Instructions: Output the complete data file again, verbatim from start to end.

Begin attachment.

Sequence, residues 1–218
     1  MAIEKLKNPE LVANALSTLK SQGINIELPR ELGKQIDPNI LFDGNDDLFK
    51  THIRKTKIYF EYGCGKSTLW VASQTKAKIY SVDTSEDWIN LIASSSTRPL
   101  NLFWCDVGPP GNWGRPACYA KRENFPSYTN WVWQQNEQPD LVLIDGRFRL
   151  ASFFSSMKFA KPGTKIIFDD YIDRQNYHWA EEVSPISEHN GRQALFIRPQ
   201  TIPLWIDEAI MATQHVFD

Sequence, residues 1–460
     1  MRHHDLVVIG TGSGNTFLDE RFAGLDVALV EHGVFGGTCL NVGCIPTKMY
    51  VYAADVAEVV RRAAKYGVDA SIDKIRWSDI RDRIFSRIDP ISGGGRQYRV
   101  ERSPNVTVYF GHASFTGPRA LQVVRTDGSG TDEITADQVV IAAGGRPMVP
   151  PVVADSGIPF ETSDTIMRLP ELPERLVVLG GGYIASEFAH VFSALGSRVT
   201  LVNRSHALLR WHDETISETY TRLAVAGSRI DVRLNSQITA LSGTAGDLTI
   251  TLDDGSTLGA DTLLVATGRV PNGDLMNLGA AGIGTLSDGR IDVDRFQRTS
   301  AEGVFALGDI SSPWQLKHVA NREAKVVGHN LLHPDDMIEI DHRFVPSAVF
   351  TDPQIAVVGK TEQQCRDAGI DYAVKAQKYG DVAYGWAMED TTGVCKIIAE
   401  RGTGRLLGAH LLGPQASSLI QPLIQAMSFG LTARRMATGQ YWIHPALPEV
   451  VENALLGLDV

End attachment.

Sequence, residues 1–218
     1  MAIEKLKNPE LVANALSTLK SQGINIELPR ELGKQIDPNI LFDGNDDLFK
    51  THIRKTKIYF EYGCGKSTLW VASQTKAKIY SVDTSEDWIN LIASSSTRPL
   101  NLFWCDVGPP GNWGRPACYA KRENFPSYTN WVWQQNEQPD LVLIDGRFRL
   151  ASFFSSMKFA KPGTKIIFDD YIDRQNYHWA EEVSPISEHN GRQALFIRPQ
   201  TIPLWIDEAI MATQHVFD

Sequence, residues 1–460
     1  MRHHDLVVIG TGSGNTFLDE RFAGLDVALV EHGVFGGTCL NVGCIPTKMY
    51  VYAADVAEVV RRAAKYGVDA SIDKIRWSDI RDRIFSRIDP ISGGGRQYRV
   101  ERSPNVTVYF GHASFTGPRA LQVVRTDGSG TDEITADQVV IAAGGRPMVP
   151  PVVADSGIPF ETSDTIMRLP ELPERLVVLG GGYIASEFAH VFSALGSRVT
   201  LVNRSHALLR WHDETISETY TRLAVAGSRI DVRLNSQITA LSGTAGDLTI
   251  TLDDGSTLGA DTLLVATGRV PNGDLMNLGA AGIGTLSDGR IDVDRFQRTS
   301  AEGVFALGDI SSPWQLKHVA NREAKVVGHN LLHPDDMIEI DHRFVPSAVF
   351  TDPQIAVVGK TEQQCRDAGI DYAVKAQKYG DVAYGWAMED TTGVCKIIAE
   401  RGTGRLLGAH LLGPQASSLI QPLIQAMSFG LTARRMATGQ YWIHPALPEV
   451  VENALLGLDV